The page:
Former premier Matteo Renzi is to stand again for his Democratic Party (PD) leadership. Internal party feuding is threatening to split the party ahead of elections to be held by early 2018.
Resisting pressure from a small group of party dissidents, Renzi resigned as head of the ruling Democratic Party (PD) during a special conference in Rome on Sunday.
Renzi said he would be seeking re-election at a party congress expected to be held in April or May. Party officials are due to decide on Tuesday when to hold the leadership ballot.
"The only word worse than 'schism' is the word 'blackmail,' Renzi told the PD assembly in Rome. "To ask me to leave is not democratic."
"You have the right to defeat us, not eliminate us. That's the heart of a democracy," Renzi told party dissidents.
Opposition to Renzi within the party centers on three key figures who issued a statement on Sunday promoting a PD in favor of welfare spending and tackling inequality. "It is now clear that Renzi has chosen the path of a schism and bears a heavy burden of responsibility," the dissidents wrote in a statement.
Renzi's opponents in the PD include Enrico Rossi, president of the Tuscany region, Roberto Speranza, a former PD chief whip in the lower house, and Michele Emiliano, president of the southern Apulia region and a possible challenger for the PD leadership. Rossi called for "a party which is on the side of the workers."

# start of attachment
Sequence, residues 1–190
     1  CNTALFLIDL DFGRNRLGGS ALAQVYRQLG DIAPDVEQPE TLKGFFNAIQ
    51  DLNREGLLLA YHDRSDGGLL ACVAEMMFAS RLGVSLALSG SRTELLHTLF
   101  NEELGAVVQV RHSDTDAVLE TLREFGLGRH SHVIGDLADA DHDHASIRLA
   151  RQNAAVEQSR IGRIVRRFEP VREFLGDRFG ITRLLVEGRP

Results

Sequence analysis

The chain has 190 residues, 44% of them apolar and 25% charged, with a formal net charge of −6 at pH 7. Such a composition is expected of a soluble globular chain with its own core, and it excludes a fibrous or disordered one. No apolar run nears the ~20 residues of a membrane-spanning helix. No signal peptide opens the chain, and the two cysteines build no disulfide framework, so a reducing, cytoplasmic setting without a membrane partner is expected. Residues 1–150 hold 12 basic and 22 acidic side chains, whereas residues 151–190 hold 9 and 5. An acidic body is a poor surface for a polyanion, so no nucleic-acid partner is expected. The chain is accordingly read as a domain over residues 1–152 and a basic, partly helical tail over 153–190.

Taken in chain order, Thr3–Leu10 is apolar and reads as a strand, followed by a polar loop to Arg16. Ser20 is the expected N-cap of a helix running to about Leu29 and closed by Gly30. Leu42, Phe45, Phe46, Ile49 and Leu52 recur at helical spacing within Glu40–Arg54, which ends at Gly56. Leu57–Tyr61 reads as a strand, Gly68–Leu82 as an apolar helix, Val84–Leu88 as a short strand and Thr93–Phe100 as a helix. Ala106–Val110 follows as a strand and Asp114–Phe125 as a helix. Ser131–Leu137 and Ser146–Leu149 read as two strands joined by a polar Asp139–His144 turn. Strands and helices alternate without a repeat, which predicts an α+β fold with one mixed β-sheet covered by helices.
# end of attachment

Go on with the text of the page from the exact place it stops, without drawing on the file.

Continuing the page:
The dissidents have criticized Renzi's call for an early parliamentary election, saying the party needs more time to prepare a congress and primaries, with a more leftist program. Paradoxically, should the PD split, early elections could become more likely. PD chairman Matteo Orfini said "A split would shrink parliamentary support for the government and put it at risk."
On Sunday Renzi did not repeat his call for early elections ahead of the end of the parliamentary term in early 2018. He urged only support for his replacement as prime minister, Paolo Gentiloni: "Basta (enough) with discussions and polemics on the government," Renzi said. "I ask you to applaud Gentiloni and his government because it is unthinkable that the congress be turned into a congress on the government."
Renzi said he took responsibility for the loss of the referendum vote on constitutional change, which triggered his resignation as prime minister in December.
"Everything stems from the referendum," Renzi told his 600 party delegates on Sunday. "I feel responsible for the defeat, there is a before and an after. That referendum was a blow for the whole country, starting with the economic system and we must now put the car back on the road."
In an Ipsos poll published in the "Corriere della Sera" newspaper at the weekend, only 4.3 percent of voters said they would back a new leftist party. The alternative Five Star movement headed the poll with 30.9 percent followed by the PD with 30.1 percent and then former premier Silvio Berlusconi's Forza Italia with 13 percent and 12.8 percent for the anti-immigrant Northern League.
jm/bw (Reuters, AFP)